Monday, March 20th — Monday, May 8th
Create educational tactile models and assistive devices for the blind and visually impaired.
A brand new LulzBot 3D printer, complete with materials and accessories.
The Envision The Future Design Challenge starts Monday, March 20th and ends Monday, May 8th. The challenge's objective is to create an educational model which helps communicate a concept or lesson in the classroom for the blind and visually impaired, OR design an assistive device for simple, everyday tasks. To encourage participation of both professional designers as well K-12 classrooms and makerspaces, winners will be announced in two categories: youth (under 18) and adults (18 and over). Each category will have 1st, 2nd, and 3rd place winners with prizes sponsored by LulzBot and MatterHackers. Pinshape will be hosting the challenge submissions, with sighted and non-sighted judging by the Braille Institute of America, founding members of the eNABLE community, Matterhackers, and more to be announced.
Last year, MatterHackers, enablingthefuture.org, and Pinshape partnered to create the hugely successful Within Reach Design Challenge, which garnered over 200 new designs for assistive devices for people living without full use of their hands - all available for free at www.matterhackers.com/withinreach.
Empire State Building
(Thing 406000 by MicrosoftStore)
(Thing 966908 by freeform3d)
(3D Printed Science Projects Book by Joan Horvath and Rich Cameron, Apress)
(Thing 330888 by 3P3D)
(Thing 27340 by neurothing)
Design a tactile model to be used in a classroom for Kindergarten all the way up to Graduate school. It could be an example of architecture, a bust of a historical figure, a math or science learning tool (aka manipulatibles), animals or plant-life, or any of the examples suggested by teachers.
Register for Pinshape and upload your design files to the Envision The Future Design Challenge (Youth or Adult) on https://pinshape.com/contests/envisionthefuture-design-challenge
Participate in the inspiring online conversation and build momentum for your design by posting photos and video with hashtag #EnvisionTheFuture and by tagging @Pinshape @MatterHackers @EnableTheFuture or @LulzBot3D on Twitter, Facebook, and Instagram.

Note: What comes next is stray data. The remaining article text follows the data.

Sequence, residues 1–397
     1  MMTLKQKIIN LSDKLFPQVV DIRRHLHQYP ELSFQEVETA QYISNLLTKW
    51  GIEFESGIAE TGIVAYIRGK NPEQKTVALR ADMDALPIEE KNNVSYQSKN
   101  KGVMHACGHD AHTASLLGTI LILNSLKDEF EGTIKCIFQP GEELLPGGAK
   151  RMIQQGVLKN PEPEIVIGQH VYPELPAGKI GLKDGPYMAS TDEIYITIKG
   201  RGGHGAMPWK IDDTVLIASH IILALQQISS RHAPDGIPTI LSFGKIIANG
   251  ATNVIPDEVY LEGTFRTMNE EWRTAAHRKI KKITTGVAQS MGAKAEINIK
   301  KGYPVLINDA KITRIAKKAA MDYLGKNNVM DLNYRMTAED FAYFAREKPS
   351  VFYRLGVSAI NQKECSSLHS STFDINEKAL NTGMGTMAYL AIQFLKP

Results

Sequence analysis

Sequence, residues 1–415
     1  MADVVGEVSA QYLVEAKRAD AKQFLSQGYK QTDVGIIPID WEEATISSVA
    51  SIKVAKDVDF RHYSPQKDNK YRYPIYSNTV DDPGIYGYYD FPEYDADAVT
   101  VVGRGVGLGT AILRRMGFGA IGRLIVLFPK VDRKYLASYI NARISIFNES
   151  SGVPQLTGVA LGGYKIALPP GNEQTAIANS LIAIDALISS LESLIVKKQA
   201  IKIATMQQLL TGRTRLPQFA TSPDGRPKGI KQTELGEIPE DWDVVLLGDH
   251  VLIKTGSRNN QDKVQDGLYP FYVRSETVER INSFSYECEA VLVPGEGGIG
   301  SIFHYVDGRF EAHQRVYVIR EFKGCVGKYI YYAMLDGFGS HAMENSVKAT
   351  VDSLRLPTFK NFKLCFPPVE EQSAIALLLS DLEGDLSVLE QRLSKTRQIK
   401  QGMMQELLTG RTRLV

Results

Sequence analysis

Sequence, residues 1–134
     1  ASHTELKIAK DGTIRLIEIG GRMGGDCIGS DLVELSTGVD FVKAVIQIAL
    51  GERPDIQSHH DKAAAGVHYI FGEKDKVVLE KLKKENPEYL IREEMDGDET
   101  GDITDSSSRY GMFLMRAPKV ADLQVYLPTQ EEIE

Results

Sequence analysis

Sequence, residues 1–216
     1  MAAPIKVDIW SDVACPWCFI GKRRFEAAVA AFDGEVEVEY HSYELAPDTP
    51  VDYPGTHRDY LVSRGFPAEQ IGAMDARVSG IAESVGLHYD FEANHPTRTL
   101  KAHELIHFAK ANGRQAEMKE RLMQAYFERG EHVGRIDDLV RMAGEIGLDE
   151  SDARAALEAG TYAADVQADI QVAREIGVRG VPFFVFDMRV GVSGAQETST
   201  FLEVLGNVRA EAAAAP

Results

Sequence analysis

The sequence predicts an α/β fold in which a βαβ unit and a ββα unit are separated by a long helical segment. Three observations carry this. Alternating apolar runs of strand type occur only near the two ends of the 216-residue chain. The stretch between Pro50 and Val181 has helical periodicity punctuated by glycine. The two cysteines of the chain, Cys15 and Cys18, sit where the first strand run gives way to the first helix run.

As the Access Technology Specialist for Braille Institute in Rancho Mirage, Steven Berg loves to learn new technology and share it with his clients to live a more independent and happy lifestyle. Steve has been with Braille Institute for 25 years, previously as a Tactile Graphics Artist and Information Technology Coordinator at the Los Angeles center. He teaches screen reading and magnification software, as well as handheld device use for the low vision and the blind, and keeps current on assistive technology.
Dave Gaylord, Director of Marketing at MatterHackers, Inc., is a Design Engineer with 10+ years of professional experience in 3D Printing. Dave has design experience and familiarity with many manufacturing techniques but is particularly passionate about 3D Printing and the ability to make quick design iterations and functional prototypes. His experience comes from professional positions as a Product Development Engineer designing consumer devices and an R&D Engineer for implantable medical devices and surgical tools. Dave earned his Mechanical Engineering Bachelor's degree at Cal Poly, SLO and a Biomedical Engineering Master's degree from Purdue University.
Ivan Owen is the co-designer of the first 3D printed hand that was created for a young boy in South Africa in 2013. Since releasing the design for this hand as an open source file, he has continued to collaborate on design improvements withthe global volunteer e-NABLE Community, as well as mentoring students at the University of Washington Bothell in the engineering and makerspace labs.
Jen Owen is the wife of Ivan Owen, and the creator of the enablingthefuture.org website and blog. She hopes to see more 3D printing in schools and the education system in the future so that the next generation of makers will have the skills they need to help them change the world for the better.
As Director of Transition Services at Junior Blind, Rob Schulenburg has been instrumental in streamlining and strengthening the organization’s transition programs for youth who are blind or visually impaired. Rob has designed curricula and presented workshops for youth across California. Well respected in the blindness community, Rob has also presented at conferences and events across the country in topics such as Best Practices in Using Hidden Curriculum to Teach Soft Skills, Defining Soft Skills to Create a Common Language for Practice, Principles of How to Teach Emotional Resiliency, and Curriculum Design for Transition Programming. Rob is a credentialed Teacher of the Visually Impaired and holds additional teaching credentials in Cross-Categorical High Incident Disabilities and Secondary English. He holds graduate and post graduate degrees in special education and educational leadership from University of Arizona. Before Junior Blind, Rob taught for nine years at the Arizona Schools for the Deaf and the Blind before joining the Peace Corps, where he worked on special education curriculum and policy development for Ministries of Education in Central America and the Caribbean.